Oh, and then there’s Chris Christie. LA Times is beating that drum.

Of all of the potential GOP candidates, the serious Republican money men and women want the girl playing hardest to get: New Jersey Gov.¬†Chris Christie. 

The Garden State Guv says no dice, telling reporters, “Short of suicide, I don’t really know what I’d have to do to convince you people that I’m not running. I’m not running.”

Until he rolls a seven, I’m not buying it.

CNN recently reported that Christie met with a group of influential Iowa Republican donors who tried to talk him into running.Bruce Rastetter, an energy company executive¬†told the Cable News Network, “We want to encourage him from an Iowa perspective and a national perspective. We need a candidate like him in the race…I think the other people are good people, good candidates. Chris Christie is someone who is…unique…and direct.”

If Christie truly has no interest in running, why is he meeting with activists from Iowa instead of watching all of the ‘Barefoot Contessa’ episodes stored on his TiVO?

It’s because Christie wants to be courted.

Think about it, if you want to convince someone to do something they claim they don’t want to do, having a never-ending parade of very smart, very wealthy people sweet-talk them into ‘saving the country’ will do the trick every time. It’s the most persuasive route you can take, outside of a rag soaked in chloroform. If big money donors can eliminate the torturous task of spending 10 hours a day raising money, Christie can spend all of his time on the fun part of campaigning: going on TV, pressing the flesh and eating deep-fat-fried meat products on sticks. As a sweetener, did I mention that he can eat deep-fat-fried meat products on sticks?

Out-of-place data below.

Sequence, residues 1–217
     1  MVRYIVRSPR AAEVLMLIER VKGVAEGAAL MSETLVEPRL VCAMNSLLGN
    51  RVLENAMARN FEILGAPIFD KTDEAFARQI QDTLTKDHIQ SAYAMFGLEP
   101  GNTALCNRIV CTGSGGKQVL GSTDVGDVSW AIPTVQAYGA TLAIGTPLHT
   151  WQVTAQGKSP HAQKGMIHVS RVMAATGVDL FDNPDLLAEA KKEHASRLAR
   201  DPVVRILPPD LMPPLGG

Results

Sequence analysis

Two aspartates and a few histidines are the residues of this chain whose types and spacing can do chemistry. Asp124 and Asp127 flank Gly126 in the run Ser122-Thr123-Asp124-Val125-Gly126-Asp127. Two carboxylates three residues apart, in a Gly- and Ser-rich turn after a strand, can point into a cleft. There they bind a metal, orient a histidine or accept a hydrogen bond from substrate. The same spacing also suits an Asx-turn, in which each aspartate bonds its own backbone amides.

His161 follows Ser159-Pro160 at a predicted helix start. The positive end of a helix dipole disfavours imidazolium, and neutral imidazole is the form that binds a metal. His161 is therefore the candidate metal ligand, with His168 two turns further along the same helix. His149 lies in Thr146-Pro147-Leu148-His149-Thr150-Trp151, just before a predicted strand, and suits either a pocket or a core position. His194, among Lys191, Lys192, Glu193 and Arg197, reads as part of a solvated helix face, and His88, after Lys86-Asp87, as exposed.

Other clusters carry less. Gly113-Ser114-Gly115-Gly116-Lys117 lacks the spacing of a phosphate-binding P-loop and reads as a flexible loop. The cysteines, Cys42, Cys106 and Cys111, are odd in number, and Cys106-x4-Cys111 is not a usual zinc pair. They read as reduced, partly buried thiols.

Oh, and Jeb Bush still says he isn’t running.
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James Joyner
About James Joyner
James Joyner is Professor and Department Head of Security Studies at Marine Corps University's Command and Staff College and a nonresident senior fellow at the Scowcroft Center for Strategy and Security at the Atlantic Council. He's a former Army officer and Desert Storm vet. Views expressed here are his own. Follow James on Twitter @DrJJoyner.


  1. Chad S says:

    The budget probs of Texas(being 77 bill in debt over the next two years, along with Perry essentially hiding the problem until after his re-election) gives Perry a big soft underbelly to attack.

  2. superdestroyer says: